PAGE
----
I strive to look for the root cause, not just symptoms. Making changes to your lifestyle can make all the difference in your chronic headache treatment. Sometimes getting to the bottom of your headaches is less complicated than you’d think; it can be as simple as making sure you’re getting 7 to 8 hours of sleep or making sure you’re drinking enough water and not drinking too much alcohol. So while conventional prescriptions could be part of the treatment plan, the end goal is to determine the cause of your chronic headaches and fix it. Let’s take a look at the most common causes.
The people most at risk for constant headaches are those under high emotional or work-related stress. Stress can cause or worsen headaches through a variety of mechanisms. The stress hormones activated when the body goes into “fight or flight” mode also act on our blood vessels, causing headaches. Emotions like anxiety, worry, and fatigue can also increase muscle tension, exacerbating, or causing headache pain.
Sleep is a foundation of good health, and too much or too little can trigger headaches. According to the American Migraine Foundation, migraines, in particular, seem to be impacted by sleep issues, as migraine sufferers are 2 to 8 times more likely to have a sleep disorder. Getting a solid 7 to 8 hours of sleep can be immensely helpful in lessening the symptoms of chronic headaches. It’s also worth paying attention to substances that can affect your sleep, like caffeine and alcohol. Similarly, alcohol can affect your circadian rhythm, block REM sleep, make falling asleep, stay asleep, and get good quality sleep more difficult.
If you have neck tension or shoulder tension, it can sometimes trigger tension and migraine headaches. These issues might be relieved by chronic headache treatments like acupuncture, physical therapy, or seeing a chiropractor.
Lacking certain nutrients in your diet can also cause constant headaches, including vitamin B2, riboflavin, vitamin D, and magnesium. Often, supplementing with these vitamins and minerals can help alleviate headaches.
Headaches (especially migraines) can be brought on by hormonal changes, particularly during different parts of a woman’s menstrual cycle due to an imbalance between estrogen and progesterone. For example, too much estrogen, not enough progesterone during the perimenopause years can trigger migraine headaches.
Easy on the additives
Yet another reason to void foods with sweeteners, additives, and preservatives such as MSG; nitrates and nitrites (found in cured meats); aspartame (found in soda and other “sugar-free” products); and sulfites (found in wine, salad bars, dried fruits).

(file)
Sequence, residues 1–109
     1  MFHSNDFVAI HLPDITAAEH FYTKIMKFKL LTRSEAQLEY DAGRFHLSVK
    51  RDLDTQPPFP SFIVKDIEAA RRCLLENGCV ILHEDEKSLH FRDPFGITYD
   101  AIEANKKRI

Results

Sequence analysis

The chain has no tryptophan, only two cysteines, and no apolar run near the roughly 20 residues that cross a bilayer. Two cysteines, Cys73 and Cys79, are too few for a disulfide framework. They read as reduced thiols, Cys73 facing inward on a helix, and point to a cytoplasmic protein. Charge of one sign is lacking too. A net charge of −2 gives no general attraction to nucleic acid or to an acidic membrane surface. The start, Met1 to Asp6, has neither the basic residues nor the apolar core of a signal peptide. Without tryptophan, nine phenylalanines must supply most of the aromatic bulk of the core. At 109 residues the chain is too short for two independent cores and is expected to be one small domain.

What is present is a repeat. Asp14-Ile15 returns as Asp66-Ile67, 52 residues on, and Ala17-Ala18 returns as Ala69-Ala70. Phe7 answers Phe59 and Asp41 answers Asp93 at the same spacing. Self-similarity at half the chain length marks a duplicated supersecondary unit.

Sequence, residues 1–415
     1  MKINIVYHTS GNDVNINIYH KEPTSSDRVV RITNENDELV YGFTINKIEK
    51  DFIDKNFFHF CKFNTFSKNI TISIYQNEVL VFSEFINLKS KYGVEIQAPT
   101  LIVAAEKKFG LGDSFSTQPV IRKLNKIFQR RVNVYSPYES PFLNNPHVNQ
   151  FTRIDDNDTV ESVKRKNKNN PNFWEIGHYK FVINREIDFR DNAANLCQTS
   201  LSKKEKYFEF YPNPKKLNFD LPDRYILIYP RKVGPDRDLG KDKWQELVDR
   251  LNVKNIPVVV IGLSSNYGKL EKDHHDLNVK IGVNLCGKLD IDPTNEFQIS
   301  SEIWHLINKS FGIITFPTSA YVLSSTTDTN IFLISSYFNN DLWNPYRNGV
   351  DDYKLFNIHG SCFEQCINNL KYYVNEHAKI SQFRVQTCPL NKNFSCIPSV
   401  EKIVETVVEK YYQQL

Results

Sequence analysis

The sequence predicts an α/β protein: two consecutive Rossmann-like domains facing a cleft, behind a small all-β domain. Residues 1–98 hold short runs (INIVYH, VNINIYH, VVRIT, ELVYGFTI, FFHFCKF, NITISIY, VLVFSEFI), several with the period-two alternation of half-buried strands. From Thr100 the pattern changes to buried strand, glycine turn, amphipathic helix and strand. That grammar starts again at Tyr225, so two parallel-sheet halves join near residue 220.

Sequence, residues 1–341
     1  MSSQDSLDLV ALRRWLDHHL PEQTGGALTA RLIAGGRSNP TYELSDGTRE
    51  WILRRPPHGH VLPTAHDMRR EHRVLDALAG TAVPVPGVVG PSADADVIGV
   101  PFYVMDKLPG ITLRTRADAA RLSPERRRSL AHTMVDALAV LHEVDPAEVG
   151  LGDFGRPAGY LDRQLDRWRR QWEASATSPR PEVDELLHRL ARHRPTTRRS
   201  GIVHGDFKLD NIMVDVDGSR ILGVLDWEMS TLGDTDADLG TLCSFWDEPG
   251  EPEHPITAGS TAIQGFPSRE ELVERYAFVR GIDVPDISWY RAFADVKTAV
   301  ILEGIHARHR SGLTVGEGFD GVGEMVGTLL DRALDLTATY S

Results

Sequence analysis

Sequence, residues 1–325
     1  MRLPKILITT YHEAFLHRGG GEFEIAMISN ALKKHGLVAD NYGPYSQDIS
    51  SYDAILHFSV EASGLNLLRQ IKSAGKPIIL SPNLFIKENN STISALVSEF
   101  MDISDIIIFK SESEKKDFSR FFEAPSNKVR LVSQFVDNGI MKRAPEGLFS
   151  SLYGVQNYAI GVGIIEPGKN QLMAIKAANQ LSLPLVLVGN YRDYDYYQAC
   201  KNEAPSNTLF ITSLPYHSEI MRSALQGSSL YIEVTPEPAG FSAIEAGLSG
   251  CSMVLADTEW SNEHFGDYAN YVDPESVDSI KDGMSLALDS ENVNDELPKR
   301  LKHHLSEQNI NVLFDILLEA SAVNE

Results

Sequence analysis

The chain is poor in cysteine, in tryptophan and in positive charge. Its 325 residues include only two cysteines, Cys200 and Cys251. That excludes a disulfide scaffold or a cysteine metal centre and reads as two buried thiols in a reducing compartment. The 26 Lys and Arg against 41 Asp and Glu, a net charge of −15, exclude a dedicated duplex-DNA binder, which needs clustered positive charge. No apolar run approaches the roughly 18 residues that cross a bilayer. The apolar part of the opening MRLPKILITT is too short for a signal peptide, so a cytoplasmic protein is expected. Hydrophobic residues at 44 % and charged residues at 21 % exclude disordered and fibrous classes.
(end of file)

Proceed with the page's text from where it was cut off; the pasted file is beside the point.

Don’t Starve yourself
Food deprivation and hypoglycemia are a form of stress, which can trigger migraines.
If you are waking in the middle of the night, try eating a light snack one hour before bed to stabilize your blood sugar.
Food intolerance and other digestive issues
Headaches are also very commonly caused by gut issues related to food intolerance or sensitivity. The mind-gut connection and gut-mind connection are huge. Your brain can sense physical signals down to your gut neurons, causing them to turn on. Likewise, digestive symptoms can send alerts to your brain that cause headaches.
Eliminate known food triggers/ food sensitivities that may be contributing to migraine symptoms.
Diet often plays a vital role in migraine pathophysiology because 60% to 80% of the immune system is in the gut. Keeping a food and symptom diary can help identify common food triggers as well as screen for contributory lifestyle factors, such as dehydration or skipping meals. Look for patterns since some reactions aren’t always immediate but can occur several days after a food is consumed. It’s important to note that certain foods trigger migraines in some people but not in others because they have a unique immune system and physiology. Triggers also can be dose-dependent, and some people may have more than one trigger.
Most Common Migraine Triggers
• Aged cheeses (blue cheese, cheddar, feta, gorgonzola, parmesan, Swiss)
• Alcohol, especially wine
• Canned soups
• Canned, cured, or processed meats
• Overripe avocados, tomatoes, and bananas
• Smoked and pickled foods
• Soy sauce
Additionally, eliminate these foods to see if they heal/reduce migraines: Gluten, dairy, eggs, yeast, corn, sugar, citrus, tea
Putting it all together: After eliminated environmental and hormonal possibilities, the identification of food triggers, with the help of food diaries, is an inexpensive way to reduce migraine headaches. Among the most commonly recommended vitamins and supplements are magnesium, riboflavin, and Coenzyme Q10 (CoQ10).
Coach Christina MS, CNS, LN